How to read a yardstick

Updated April 17, 2017

Yardsticks are so named because they are one yard long. One yard is equal to three feet. Essentially, a yardstick is the same as three rulers laid end-to-end. Yardsticks come in handy when you need to measure something that is longer than a foot, such as the width of a cabinet, the height of your toddler or the size of your television screen. The markings on a yardstick can be quite small, so people have to read them very carefully when making precise measurements.

Examine the yardstick. There are numbers on both sides of the stick. The numbers that are further apart measure inches, while the numbers that are closer together measure centimetres.

Look at the centimetre side. There are ten shorter lines between the numbers. These are millimetres. You will occasionally need this side in order to measure very small things that are measured in millimetres or centimetres. Millimetres and centimetres are not used often in the United States, as they are part of the metric system, which has not been formally adopted.

Look at the side with the inches. There are shorter lines between these numbers as well. These lines represent fractional parts of the inch. Usually, the lines that represent ¼ inch, ½ inch and ¾ inch will be slightly longer than the lines between, which represent inches broken up into even more precise fractional parts, such as 3/8 and 5/16. There should be 16 lines for each inch on your yardstick.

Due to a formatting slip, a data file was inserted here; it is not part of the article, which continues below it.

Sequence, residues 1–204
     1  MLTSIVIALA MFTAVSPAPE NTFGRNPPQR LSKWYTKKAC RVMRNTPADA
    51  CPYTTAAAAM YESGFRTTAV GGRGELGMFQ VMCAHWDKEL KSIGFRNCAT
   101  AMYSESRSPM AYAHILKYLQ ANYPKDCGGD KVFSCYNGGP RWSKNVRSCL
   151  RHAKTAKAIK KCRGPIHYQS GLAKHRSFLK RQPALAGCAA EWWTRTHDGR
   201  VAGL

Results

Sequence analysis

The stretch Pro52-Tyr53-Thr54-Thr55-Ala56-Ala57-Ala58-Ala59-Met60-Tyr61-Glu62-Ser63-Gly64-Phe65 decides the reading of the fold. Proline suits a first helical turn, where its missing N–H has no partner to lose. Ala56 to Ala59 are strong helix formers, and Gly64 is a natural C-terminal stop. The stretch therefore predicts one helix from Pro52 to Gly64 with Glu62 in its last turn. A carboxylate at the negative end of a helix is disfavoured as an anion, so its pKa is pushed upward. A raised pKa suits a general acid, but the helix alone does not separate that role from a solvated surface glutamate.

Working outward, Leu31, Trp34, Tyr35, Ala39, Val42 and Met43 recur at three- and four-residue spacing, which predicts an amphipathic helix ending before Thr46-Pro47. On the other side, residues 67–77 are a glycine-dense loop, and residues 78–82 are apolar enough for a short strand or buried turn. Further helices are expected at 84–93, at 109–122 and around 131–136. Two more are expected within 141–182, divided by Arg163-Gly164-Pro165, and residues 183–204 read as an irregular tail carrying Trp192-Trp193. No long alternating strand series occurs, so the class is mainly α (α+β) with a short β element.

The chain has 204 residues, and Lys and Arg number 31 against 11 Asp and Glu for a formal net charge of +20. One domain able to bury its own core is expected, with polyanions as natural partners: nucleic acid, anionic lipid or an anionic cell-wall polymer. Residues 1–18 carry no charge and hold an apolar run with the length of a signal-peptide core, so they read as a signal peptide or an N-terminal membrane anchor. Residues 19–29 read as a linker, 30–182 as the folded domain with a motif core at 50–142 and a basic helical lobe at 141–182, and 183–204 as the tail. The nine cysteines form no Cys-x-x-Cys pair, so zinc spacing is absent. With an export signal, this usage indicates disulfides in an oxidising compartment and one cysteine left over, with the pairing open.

Measure the item you want to know the length of, and hold your fingernail at the point on the yardstick where the object ended. Make sure you are using the inch side of the yardstick unless you need to measure something in millimetres or centimetres.

Look at the point on the yardstick that you are holding. Determine exactly what line it is on. The lines between these numbers represent the following fractions: 1/16, 1/8, 3/16, 1/4, 5/16, 3/8, 7/16, 1/2, 9/16, 5/8, 11/16, 3/4, 13/16, 7/8 and 15/16. Round up the number to the nearest quarter fraction unless you are measuring something that must be very exact.


Not every yardstick has sixteen small lines between the numbers. Some have only eight, which measures items to the nearest 1/8 inch.

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About the Author

Elise Wile has been a writer since 2003. Holding a master's degree in curriculum and Instruction, she has written training materials for three school districts. Her expertise includes mentoring, serving at-risk students and corporate training.